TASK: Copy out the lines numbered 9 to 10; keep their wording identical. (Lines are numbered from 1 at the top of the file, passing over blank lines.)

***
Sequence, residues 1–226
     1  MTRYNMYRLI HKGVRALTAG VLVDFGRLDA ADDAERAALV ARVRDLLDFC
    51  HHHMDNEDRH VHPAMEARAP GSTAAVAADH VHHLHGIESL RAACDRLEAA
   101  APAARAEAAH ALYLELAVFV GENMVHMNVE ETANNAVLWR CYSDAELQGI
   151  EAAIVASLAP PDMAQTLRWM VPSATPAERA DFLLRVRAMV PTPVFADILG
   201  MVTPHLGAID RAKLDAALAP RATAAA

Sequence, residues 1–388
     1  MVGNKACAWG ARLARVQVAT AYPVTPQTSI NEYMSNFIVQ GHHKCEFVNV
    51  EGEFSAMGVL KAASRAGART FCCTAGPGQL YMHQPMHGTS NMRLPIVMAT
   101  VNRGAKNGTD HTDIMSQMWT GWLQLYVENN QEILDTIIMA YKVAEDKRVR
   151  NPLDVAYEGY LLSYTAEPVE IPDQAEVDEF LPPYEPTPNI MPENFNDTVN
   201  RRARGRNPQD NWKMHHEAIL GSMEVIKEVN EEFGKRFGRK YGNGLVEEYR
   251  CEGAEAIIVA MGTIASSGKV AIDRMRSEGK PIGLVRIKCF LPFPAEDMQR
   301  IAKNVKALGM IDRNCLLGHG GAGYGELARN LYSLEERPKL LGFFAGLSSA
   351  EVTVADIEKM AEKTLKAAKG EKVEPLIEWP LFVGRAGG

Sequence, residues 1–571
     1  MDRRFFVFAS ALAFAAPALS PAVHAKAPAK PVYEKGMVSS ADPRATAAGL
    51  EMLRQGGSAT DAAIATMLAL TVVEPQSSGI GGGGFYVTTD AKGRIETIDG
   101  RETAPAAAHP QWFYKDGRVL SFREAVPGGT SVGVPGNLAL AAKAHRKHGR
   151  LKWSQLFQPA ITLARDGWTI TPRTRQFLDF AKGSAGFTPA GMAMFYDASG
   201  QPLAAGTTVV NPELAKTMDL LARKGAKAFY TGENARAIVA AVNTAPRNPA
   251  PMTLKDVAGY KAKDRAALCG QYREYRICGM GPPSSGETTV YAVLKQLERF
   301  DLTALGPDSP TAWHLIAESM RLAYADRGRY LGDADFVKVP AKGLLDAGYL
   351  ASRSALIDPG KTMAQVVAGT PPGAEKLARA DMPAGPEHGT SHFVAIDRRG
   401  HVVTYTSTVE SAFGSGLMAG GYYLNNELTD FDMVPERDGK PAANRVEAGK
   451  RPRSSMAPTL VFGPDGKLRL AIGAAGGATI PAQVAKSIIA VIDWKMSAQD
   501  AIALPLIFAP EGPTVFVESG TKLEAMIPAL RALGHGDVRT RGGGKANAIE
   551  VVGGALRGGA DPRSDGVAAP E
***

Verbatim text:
    51  EGEFSAMGVL KAASRAGART FCCTAGPGQL YMHQPMHGTS NMRLPIVMAT
   101  VNRGAKNGTD HTDIMSQMWT GWLQLYVENN QEILDTIIMA YKVAEDKRVR